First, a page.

Node(final int data) {
    this.data = data;
  }

  Node() { }
}

... then, to test:

  private static Node[] nodesFor(final int... values) {
    int n = values.length;
    final Node[] nodes = new Node[n];
    while (n > 0) {
      nodes[--n] = new Node(values[n]);
    }
    return nodes;
  }

  public static void main(final String[] argv) {
    final List list = new List();
    for (final Node node : nodesFor(5, 15, 30)) {
      list.add(node);
      System.out.println(list);
    }
  }
share|improve this answer

I think that the problem is inside the "add" function. You are only changing the value of "head" inside the function scope, not outside it. You can find useful information about the way that Java treat passing parameters values here.

A good implementation of LinkedList in Java is here.

share|improve this answer

Making "head" reference another node has no effect on the calling code (java passes references, which in java are the "values" of the addresses).

You need a permanent reference to the head, so make it a field of your class:

private Node head = new Node(); // the head of your Node tree

public void add(Node newNode, Node parent) {
    // add node to parent.
    // for some calls, the parent will be the head
}
share|improve this answer
    
Java passes values, not references; the point is that in Java you never actually directly touch the value of an object (like you would be able to in C++), rather you merely hold a reference to it. –  oldrinb Aug 30 '12 at 23:28
    firstList.add(newNode,head); 

   /*
    Part you should know is, head is a local variable pointing to null.
    Passing head as parameter doesn't make it feasible to alter this local variable.
    Your check is worthless.
    Make public Node add(Node newNode, Node head) and return head from there.
   */ 
    head=firstList.add(newNode,head);

    if(head==null)
    {
     System.out.println("true");
    }
share|improve this answer

Here is better implantation of your Linked List. Please Note:

  1. _head should be a private member
  2. Node is an inner mechanism. you should give a data parameter to your add method instead of a Node object
  3. I Wrote this , simple ,yet base on your code, implementation

    public class LinkedList{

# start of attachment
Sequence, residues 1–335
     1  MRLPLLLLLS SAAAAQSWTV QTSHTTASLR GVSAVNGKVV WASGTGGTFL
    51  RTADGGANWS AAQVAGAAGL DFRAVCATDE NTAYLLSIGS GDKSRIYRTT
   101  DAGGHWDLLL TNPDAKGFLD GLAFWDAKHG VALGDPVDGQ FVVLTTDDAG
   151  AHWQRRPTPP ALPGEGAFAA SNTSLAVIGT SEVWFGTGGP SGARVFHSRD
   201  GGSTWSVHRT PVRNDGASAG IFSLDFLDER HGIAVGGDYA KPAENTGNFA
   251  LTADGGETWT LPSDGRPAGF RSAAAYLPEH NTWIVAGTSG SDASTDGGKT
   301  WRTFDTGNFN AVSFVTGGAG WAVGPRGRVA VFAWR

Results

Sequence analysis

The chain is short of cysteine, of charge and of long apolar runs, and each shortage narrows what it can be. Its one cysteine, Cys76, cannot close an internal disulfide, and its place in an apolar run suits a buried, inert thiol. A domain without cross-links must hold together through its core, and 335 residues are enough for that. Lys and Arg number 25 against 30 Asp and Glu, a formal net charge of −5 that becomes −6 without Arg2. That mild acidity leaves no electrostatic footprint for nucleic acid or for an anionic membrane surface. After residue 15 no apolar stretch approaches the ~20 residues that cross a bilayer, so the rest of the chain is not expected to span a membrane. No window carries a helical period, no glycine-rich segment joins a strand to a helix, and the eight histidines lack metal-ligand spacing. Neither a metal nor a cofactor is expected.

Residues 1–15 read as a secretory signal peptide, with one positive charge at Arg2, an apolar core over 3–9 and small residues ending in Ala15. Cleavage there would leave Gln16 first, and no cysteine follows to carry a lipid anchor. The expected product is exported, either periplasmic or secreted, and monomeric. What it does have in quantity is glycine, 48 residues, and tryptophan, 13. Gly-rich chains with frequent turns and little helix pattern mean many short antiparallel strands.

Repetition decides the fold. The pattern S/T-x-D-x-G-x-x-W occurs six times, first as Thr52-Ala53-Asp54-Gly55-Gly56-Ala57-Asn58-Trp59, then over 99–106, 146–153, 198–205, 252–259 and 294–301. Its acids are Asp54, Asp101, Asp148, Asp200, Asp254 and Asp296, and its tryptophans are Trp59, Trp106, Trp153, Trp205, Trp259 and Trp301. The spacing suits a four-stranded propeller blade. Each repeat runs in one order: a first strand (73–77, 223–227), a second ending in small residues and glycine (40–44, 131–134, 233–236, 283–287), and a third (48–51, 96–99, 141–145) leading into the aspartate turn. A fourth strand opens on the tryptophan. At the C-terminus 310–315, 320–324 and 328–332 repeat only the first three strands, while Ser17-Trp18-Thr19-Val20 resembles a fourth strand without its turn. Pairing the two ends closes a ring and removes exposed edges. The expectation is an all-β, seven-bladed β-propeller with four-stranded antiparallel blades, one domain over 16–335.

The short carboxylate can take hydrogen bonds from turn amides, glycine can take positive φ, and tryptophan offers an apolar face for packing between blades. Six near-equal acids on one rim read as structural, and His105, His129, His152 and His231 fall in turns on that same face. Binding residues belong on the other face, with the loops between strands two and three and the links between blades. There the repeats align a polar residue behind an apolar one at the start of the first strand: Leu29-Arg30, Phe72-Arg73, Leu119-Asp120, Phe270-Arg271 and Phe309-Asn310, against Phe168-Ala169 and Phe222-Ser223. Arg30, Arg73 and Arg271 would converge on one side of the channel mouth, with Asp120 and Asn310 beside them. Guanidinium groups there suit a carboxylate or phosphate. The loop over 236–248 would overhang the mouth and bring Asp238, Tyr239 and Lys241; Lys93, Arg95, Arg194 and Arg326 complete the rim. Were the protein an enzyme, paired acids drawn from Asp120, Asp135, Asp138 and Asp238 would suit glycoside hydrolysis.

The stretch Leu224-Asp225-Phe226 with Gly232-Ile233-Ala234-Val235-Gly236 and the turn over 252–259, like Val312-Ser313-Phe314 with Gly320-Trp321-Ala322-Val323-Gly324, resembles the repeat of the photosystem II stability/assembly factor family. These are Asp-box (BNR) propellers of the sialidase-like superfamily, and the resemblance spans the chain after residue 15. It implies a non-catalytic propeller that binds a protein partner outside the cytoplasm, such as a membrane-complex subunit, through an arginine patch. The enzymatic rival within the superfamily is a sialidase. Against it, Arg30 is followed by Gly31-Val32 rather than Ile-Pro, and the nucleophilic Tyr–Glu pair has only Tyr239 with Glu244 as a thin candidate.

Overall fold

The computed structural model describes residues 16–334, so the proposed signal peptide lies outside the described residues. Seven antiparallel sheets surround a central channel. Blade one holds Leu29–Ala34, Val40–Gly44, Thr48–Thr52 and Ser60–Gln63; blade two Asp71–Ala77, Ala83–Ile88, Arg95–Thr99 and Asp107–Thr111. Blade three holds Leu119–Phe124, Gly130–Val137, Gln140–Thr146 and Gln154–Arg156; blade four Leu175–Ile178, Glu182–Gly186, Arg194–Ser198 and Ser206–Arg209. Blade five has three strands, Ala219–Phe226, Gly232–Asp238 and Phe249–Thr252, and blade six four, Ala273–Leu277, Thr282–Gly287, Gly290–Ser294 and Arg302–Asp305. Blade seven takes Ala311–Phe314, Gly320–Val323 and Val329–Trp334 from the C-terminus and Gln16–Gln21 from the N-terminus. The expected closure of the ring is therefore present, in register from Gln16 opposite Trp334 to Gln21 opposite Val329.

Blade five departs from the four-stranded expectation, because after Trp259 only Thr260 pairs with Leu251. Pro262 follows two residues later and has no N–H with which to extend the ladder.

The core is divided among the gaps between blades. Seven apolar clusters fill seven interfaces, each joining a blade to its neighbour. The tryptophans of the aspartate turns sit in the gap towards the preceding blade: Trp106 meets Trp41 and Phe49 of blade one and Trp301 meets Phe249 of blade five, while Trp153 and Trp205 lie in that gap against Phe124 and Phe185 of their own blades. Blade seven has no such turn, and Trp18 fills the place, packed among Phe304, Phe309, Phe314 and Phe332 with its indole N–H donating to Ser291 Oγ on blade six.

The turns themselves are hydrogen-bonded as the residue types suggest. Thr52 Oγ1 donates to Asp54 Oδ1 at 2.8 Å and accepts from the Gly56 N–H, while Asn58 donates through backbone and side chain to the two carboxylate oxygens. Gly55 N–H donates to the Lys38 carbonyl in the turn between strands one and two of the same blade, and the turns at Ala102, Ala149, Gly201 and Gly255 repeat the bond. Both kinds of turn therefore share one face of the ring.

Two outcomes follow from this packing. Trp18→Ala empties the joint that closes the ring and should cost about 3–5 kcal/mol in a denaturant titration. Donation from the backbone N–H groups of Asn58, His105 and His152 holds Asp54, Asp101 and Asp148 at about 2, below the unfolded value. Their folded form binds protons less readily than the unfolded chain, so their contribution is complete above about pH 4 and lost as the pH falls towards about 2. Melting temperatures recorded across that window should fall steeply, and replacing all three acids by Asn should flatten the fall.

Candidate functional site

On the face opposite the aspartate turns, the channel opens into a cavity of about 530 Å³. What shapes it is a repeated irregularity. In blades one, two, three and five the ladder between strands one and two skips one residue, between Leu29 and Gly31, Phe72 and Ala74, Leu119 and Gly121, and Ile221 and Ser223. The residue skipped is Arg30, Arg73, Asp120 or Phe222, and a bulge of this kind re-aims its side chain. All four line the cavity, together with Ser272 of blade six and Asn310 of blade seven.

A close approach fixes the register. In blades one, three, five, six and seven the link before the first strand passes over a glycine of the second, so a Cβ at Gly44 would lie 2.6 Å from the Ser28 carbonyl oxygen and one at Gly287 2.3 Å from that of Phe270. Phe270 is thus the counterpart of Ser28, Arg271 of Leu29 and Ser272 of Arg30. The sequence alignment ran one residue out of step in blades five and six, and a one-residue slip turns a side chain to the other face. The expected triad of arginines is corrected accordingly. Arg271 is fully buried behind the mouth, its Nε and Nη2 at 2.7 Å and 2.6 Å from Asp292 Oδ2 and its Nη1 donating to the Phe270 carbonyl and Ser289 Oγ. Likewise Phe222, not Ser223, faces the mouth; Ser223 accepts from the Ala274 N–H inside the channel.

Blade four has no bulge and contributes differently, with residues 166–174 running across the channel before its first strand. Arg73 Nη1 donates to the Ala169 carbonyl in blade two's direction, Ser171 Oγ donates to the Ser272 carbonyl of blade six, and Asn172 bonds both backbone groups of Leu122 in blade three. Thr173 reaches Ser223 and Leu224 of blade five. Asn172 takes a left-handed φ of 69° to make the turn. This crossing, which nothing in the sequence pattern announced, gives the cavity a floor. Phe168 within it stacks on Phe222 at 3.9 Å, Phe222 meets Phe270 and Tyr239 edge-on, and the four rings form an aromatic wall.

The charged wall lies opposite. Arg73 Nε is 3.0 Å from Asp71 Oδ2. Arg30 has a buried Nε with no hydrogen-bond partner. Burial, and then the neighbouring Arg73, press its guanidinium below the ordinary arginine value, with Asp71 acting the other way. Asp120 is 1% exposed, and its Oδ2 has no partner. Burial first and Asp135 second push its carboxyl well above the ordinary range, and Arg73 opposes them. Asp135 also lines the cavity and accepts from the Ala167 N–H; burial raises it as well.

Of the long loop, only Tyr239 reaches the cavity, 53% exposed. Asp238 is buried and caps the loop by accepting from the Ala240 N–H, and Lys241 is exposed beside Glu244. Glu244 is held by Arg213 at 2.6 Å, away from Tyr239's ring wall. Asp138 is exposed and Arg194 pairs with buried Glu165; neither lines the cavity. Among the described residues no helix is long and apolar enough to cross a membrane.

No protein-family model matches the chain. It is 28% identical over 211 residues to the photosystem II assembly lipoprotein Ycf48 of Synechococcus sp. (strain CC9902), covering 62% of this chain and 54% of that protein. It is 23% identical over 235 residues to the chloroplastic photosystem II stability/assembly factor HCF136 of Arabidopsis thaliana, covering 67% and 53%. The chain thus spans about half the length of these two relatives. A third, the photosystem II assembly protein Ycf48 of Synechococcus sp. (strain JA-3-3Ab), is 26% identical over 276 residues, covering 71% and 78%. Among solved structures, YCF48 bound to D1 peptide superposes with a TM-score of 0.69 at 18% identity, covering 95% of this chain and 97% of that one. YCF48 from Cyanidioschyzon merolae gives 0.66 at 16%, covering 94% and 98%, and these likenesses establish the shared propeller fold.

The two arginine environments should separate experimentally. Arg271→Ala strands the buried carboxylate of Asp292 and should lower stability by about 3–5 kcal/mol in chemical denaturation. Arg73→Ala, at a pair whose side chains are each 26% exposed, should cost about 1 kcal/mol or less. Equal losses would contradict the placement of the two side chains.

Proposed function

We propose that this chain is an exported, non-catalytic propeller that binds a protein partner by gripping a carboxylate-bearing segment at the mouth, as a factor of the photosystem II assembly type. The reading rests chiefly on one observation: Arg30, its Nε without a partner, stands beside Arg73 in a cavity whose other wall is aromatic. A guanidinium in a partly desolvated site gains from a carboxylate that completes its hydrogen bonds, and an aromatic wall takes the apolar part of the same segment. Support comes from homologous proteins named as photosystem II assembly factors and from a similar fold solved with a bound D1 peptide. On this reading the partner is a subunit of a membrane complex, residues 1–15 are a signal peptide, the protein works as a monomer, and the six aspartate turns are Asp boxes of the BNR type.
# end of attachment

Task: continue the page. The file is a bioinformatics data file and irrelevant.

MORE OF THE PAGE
private Node _head;
    public void add(int data)
    {               
            //Understand this code! What happens if _head=null?                 
            _head=new Node(_head,data); 
            /*
                 //Use the following code for a "Normal" nodes-order
                 if(_head==null)
                    _head=new Node(null,data);
                 else{
                   Node temp=_head;
                   while( temp.next!=null)
                      temp=temp.next;            
                   temp.next=new Node(null,data); 
                 }
            */
    }
    public void traverse()
    {
        System.out.println("Linked List:: ");
        Node temp=_head;
        while(temp!=null){
                System.out.println(" "  + temp.data); 
                temp = temp.next;
        }
    }
    public LinkedList(){
        _head=null;         //null is our lists anchor
    }
    
    public static void main(String args[])
    {
        LinkedList firstList = new LinkedList(); 
    
        firstList.add(5); 
        firstList.traverse(); 
        firstList.add(15); 
        firstList.traverse(); 
        firstList.add(30); 
        firstList.traverse(); 
    
    }
    

    }

share|improve this answer
    
note that your linked-list is in reverse-insertion-order. –  oldrinb Aug 30 '12 at 23:27
    
order this case is a logical concept. It really depends on what you want to do with your code. Ill edit it to show the other option also. –  Eli Turchinsky Aug 30 '12 at 23:38
    
Sure, I'm just stating that your code behaves differently. –  oldrinb Aug 30 '12 at 23:39
    
Added the other option to the code:-) –  Eli Turchinsky Aug 30 '12 at 23:52